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Gender specific medicine - an aspect of gender equality

Lady Rebecca Sieff, founder of WIZO, aimed to establish equal rights for women, who were to contribute their share to society as equal partners of men.  Providing vocational training for women and care and education for their children was the aim of WIZO founders.

September 18, 2014
Gender specific medicine - an aspect of gender equality

Lady Rebecca Sieff, founder of WIZO, aimed to establish equal rights for women, who were to contribute their share to society as equal partners of men. Providing vocational training for women and care and education for their children was the aim of WIZO founders.

The right to healthcare is a basic human right and a gender specific healthcare system is essential for better healthcare for women and for men. Gender differences are not only limited to the genital and hormonal level, as was assumed for many generations. These differences cover only 2-3 % of the life of women. Gender specific differences occur in the entire body, in all stages of life (not only in the reproductive age) and in all fields of medicine.

Observations were made during the HIV-AIDS epidemic in 1980, where women and men showed differences in manifestations of the disease and in reaction to treatment. Differences were first observed in cardiology. Women admitted to hospital with heart attacks died more frequently compared to men at same stage of the disease while receiving the same treatment.

Marianne Legato from Columbia University and Marianne Frankenhauser and Karin Schenk-Gustaffson from Karolinska Hospital in Stockholm have carried out pioneering work on the subject. The best investigated fields of medicine up to now are related to heart and vascular diseases. Cardiovascular diseases are the most common cause of death in women although even nowadays the common opinion is that it's “a man’s disease”.

Women (and children) were missing in all clinical “trials” up to the 1980s. It was forbidden in the United States to use women as subjects for clinical drug testing in order to protect them. As a result women even today suffer more from side effects. Drugs are often withdrawn because of side effects observed on women.

The subjects of trials were usually men: “Joe” was aged 30-50, 180 cm tall and 75-80 kg in weight. Only at the turn of the century was a female dummy called Emma created for crash tests in cars, after it had been observed for years that women suffer more severe injuries in car accidents than men.

Until today in experimental biology male mice are used for surgery because their muscles are thicker. Hearts of female animals cannot be used for heart catheter experiments because they are easily perforated. When the sex of cells in an experiment is occasionally changed, confusing adverse reactions may be observed. Joint replacement in a woman is usually subject to longer complaints, longer rehabilitation and restitution is less complete than in men. Women and men differ in their posture, in their physical and mental structure, in the function of most of their organs, in their genetics and epigenetics.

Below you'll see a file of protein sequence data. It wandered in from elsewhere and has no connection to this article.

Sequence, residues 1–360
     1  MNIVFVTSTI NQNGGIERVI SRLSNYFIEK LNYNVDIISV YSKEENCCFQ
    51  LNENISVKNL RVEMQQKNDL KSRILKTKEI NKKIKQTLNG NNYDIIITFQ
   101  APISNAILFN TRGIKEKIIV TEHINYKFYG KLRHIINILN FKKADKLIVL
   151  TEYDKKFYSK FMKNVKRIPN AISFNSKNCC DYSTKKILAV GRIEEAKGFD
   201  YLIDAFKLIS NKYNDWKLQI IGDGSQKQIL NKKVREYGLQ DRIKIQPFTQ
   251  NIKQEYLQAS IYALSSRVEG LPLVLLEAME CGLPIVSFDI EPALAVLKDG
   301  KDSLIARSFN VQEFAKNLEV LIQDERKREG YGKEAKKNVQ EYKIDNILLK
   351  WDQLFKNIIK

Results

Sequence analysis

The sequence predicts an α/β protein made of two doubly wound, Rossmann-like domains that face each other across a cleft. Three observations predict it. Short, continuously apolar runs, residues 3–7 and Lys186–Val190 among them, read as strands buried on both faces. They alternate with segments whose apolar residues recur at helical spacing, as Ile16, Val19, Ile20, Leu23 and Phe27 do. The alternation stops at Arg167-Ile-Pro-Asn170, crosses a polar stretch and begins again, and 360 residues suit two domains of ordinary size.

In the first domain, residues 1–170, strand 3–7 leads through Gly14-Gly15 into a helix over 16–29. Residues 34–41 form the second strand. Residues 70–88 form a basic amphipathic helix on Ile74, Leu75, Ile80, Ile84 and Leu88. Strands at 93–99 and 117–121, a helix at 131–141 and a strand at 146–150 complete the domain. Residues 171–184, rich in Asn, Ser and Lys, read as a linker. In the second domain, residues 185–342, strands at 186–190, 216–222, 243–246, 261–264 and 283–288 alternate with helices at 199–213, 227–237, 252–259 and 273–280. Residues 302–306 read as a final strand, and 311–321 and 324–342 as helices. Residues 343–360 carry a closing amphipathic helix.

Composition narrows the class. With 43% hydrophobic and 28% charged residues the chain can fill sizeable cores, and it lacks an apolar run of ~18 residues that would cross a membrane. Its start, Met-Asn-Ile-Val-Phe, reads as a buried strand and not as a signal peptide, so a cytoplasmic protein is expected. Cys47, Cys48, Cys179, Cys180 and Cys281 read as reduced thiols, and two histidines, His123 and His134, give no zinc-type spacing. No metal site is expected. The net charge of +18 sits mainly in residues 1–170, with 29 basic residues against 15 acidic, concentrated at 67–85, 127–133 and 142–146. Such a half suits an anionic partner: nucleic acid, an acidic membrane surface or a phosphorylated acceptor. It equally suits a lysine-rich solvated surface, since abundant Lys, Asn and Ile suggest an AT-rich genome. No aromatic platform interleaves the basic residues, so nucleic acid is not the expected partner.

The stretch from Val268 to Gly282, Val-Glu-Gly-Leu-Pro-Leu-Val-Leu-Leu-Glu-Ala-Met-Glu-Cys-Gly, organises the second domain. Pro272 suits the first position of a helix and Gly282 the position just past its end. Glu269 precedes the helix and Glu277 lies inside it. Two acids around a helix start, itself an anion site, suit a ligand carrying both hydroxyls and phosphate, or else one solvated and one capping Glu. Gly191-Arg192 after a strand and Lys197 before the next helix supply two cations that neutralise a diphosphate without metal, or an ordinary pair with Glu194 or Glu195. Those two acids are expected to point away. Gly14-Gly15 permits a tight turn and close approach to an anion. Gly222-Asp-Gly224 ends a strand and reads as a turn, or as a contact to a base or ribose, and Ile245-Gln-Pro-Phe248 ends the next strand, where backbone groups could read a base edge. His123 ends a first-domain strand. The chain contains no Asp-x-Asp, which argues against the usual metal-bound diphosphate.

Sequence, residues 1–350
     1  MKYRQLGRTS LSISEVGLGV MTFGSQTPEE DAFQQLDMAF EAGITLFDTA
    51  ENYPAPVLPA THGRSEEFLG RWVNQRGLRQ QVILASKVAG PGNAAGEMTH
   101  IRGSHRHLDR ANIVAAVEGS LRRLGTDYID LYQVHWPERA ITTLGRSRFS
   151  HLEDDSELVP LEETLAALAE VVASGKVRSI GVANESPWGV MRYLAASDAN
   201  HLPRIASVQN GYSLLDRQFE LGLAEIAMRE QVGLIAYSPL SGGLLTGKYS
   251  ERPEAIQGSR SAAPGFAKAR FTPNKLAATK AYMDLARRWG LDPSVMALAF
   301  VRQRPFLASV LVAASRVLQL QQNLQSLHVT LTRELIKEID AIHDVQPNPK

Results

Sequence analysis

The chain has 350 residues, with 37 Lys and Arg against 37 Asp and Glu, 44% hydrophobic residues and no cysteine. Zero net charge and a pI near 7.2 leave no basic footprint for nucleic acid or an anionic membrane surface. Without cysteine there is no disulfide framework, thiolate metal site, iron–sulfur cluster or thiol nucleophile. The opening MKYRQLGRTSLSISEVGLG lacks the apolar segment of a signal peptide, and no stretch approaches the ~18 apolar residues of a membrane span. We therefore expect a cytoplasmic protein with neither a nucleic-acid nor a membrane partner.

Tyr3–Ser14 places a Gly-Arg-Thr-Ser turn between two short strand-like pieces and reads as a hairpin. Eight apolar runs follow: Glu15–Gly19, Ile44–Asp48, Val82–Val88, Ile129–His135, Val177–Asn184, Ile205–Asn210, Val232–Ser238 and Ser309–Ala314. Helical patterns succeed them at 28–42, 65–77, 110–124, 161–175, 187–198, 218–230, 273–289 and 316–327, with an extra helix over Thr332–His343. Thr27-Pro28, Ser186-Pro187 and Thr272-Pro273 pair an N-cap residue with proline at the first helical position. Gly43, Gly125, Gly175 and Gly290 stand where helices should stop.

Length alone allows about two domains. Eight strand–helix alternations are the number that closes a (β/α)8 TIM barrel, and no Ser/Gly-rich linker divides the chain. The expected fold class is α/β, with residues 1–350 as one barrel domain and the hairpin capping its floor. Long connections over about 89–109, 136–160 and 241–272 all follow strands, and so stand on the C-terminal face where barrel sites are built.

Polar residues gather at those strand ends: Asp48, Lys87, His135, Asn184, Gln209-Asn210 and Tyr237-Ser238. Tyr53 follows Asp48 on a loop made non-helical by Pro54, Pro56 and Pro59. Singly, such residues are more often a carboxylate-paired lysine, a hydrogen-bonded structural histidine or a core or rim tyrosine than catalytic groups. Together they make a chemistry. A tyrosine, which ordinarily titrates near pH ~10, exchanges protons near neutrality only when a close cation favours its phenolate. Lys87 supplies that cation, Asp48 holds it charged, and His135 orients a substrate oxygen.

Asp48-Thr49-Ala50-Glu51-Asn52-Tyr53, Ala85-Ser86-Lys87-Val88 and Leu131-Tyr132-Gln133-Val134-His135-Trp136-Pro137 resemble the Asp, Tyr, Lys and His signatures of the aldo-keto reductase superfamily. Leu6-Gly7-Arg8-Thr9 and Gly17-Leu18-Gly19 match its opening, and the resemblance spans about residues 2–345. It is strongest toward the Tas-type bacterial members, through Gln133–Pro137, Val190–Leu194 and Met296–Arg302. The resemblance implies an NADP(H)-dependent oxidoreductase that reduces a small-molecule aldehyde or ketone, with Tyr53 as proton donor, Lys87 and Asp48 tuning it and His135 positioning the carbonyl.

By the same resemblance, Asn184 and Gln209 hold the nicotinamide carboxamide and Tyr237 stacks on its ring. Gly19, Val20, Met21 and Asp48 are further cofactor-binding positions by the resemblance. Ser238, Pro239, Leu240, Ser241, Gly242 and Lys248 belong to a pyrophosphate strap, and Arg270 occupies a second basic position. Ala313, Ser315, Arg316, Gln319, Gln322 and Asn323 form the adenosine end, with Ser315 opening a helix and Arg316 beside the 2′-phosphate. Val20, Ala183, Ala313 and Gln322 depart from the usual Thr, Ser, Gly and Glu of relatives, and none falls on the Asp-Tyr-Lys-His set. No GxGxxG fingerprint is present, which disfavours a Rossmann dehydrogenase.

Interdisciplinary investigation in all fields of medicine in order to find out if and where significant gender specific differences occur is of great importance. Research and development is a vehicle for better understanding and for better treatment. Obtaining sex disintegrated data is essential in this context.

Doctors should be aware of the differences between male and female patients both in diagnosis and in treatment. A man that comes to see a doctor is very often sent by his mother, wife or girlfriend, while women often come out of their own initiative, even at a very young age. Questioning a man that is not accompanied by his spouse about his complaints is sometimes as painful as pulling out his teeth, while women are much more communicative. While women usually follow medical advice even if it entails long-term discomfort, men tendto be impatient, prefer short instructions and surgery over conservative therapy if hope for quick recovery is given. “He” will often forget to follow medical advice unless his spouse reminds him.

These are just a few visible examples of the practical applications of gender specific medicine. It is dealing both with men’s and women’s health. However, as a result of neglect in the past, when women were “invisible” and considered as smaller sized men, more attention should now be given to women to overcome this gap.

Women educated in health are valuable for the health of their entire families. Statistics correlated in Jerusalem and other places showed that the higher the education level of the women the better the health of their children and spouses. Mortality of children is reduced in correlation to the education level of the women in their families. Although there is a complexity of reasons for these results, we should keep this in mind.

Since the 1980s, more attention has been drawn to gender specific differences and needs than before. We have to keep in mind that if we want to improve health we have to give free access to a medicine sensitive to the special needs based on gender, age and ethnicity.

It was an achievement of WIZO that started the cooperation between the Austrian Society for Gender Specific Medicine and the international NGOs in Vienna, 6 years ago. This cooperation helped to promote gender specific healthcare in civil society and international UN bodies. WIZO has organized workshops on the subject in Vienna since 2008, as well as in Geneva in 2009 and in New York in 2010. WIZO is a founding member of the conference on gender specific medicine held once a year in Vienna in cooperation with International NGOs.

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By Dr. Hava Bugajer – President WIZO Austria and an expert on Gender Medicine